30 Years Of Ripping: An Interview With Benjamin Pellegrino

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Photo: Jake Vivori

There is something sacred that lies within a local skate and snowboard shop. Benjamin Pellegrino is the co-owner of Milosport, one of the best and longest-standing shops in Utah. Started by Dimitrije Milovich (founder of Winterstick and namesake of Milo) and Duane Bush in 1984, Milosport has been serving the local skate and snowboard community along the Wasatch Front for 30 years. With shops that have come and gone in Utah, Milo currently serves locations in Orem (started in 1997) and Lafayette, Calif. (started in 2000), along with the SLC shop. Having been involved since 1994 as a knowledgeable participant in the up-and-coming skateboard scene, Benny found a permanent home in Salt Lake at Milosport. SLUG sat down, fittingly enough, on a waxed curb, to get the scoop on Benny, Milo and the history behind it all.

(L–R) Benjamin “Benny” Pellegrino and Calvin “Cal” Egbert have put in a lot of man-hours at Milosport, and now help keep it running for the next generation of shop rats. Photo Courtesy of Milospor
(L–R) Benjamin “Benny” Pellegrino and Calvin “Cal” Egbert have put in a lot of man-hours at Milosport, and now help keep it running for the next generation of shop rats. Photo Courtesy of Milospor

SLUG: How did you first get involved in Milosport?
Pellegrino: I was living underneath George Johnston [current owner of Milosport in Lafayette, Calif.] up at Snowbird, and I had just quit my job. He knew I was a sponsored skater and he skated, too, but didn’t know much about it, so he asked if I could help get things going. The shop was originally on 2000 East and 3300 South and started as a windsurfing shop. The shop carried skis, mountain bikes and sailboats and even catamarans at one time, so that’s where Milo “sport” comes from. Calvin Egbert took over the SLC shop in 1995, and Todd Mitchell and myself purchased the Orem shop 1999. That’s when we found our niche and became totally invested in the skateboard and snowboard industries. We had a ramp in the parking lot, which helped let people know we were into skateboarding. Since then, I’ve done everything from being an employee at the shop to now a co-owner, buyer, bookkeeper, seller and pretty much any other thing I can help out with.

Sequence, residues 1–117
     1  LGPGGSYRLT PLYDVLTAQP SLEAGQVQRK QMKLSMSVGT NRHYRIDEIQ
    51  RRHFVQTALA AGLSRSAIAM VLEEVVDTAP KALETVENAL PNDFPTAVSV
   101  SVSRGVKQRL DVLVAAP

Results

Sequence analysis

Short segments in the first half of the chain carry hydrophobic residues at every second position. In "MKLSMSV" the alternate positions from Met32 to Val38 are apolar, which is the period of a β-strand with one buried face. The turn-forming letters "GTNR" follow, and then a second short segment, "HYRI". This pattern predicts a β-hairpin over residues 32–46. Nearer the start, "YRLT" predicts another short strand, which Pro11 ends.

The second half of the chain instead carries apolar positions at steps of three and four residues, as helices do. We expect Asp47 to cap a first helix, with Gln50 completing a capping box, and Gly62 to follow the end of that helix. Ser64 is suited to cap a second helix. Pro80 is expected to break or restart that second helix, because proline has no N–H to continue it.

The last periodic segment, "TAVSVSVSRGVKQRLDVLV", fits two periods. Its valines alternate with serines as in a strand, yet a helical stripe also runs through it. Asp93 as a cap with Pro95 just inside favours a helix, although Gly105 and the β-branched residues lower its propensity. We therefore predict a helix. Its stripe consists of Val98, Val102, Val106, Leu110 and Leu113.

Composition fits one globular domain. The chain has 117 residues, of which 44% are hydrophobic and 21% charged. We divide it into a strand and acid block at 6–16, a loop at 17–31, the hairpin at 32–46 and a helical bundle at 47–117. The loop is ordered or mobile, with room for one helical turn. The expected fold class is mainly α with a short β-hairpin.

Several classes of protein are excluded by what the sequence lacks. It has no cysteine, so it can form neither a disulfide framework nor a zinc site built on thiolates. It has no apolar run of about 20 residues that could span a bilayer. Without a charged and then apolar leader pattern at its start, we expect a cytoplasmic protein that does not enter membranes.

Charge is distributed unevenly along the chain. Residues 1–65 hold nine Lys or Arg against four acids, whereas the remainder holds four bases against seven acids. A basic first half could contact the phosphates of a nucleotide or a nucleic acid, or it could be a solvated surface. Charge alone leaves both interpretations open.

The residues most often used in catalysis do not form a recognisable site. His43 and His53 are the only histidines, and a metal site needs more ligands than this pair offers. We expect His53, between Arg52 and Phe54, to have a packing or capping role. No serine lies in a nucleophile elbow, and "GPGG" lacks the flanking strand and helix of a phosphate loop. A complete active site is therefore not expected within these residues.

SLUG: Whom were you hooked up with as a sponsored skater?
Pellegrino: I was with Black Label, Thunder and Spitfire. I was one of the original Black Label riders under John Lucero. We skated a warehouse that you had to pretty much pass a test to be able to ride in. I met Corey and Gavin O’ Brian there and got hooked up—that’s when Lucero asked me to ride for Black Label. That was around 1987, and he flowed me decks up until ’94 when I said I wasn’t moving back to California.

SLUG: What was the skate scene like when you first tried to push it?
Pellegrino: It was backyard ramps and street skating. One of the original crews of kids was called The Dirty Hessians, and they were a big part of creating the scene around here. Guys like Mark White, Tom Blosch, Shane Justus—they did the most pushing it. We held contests in [Milo’s] Salt Lake parking lot, when it was still good to skate on, with quarter pipes and pyramids on wheels that we would push out. This was all before the skatepark era, so it was all pretty new and not mainstream. Now, with the parks and backyard ramps popping up again, skateboarding is as strong as ever. I’m stoked to see the older guys and the college kids longboarding, too. I’m just glad that people aren’t fucking rollerblading! Eventually, there is going to come a time when these people, as business owners or parents, are going to vote for putting a new skate park in or say yes to something skateboard-related because they do it, too. I’m sick of people talking shit ’cause, honestly, it’s rolling on four wheels, and that is the essence of skateboarding.

SLUG: Milosport is currently rocking one of the heaviest shop snowboard teams in the industry. How do the shop and the products within the shop reflect your riders, and what influence do they have on the shop?
Pellegrino: They influence the shop hugely. Those guys are always super vocal about what they do and don’t like. We will always try to support the brands our riders are hyped on or companies that they get in with. Stepchild was a company on our radar. We picked them up when JP Walker started riding for them and, subsequently, Brandon Hobush started riding for them. The team set the roots for the shop. Guys like Walker, Jeremy Jones, Jason Murphy, Jason Brown, Dave Downing, Travis Parker—without them, we wouldn’t have the notoriety that we have.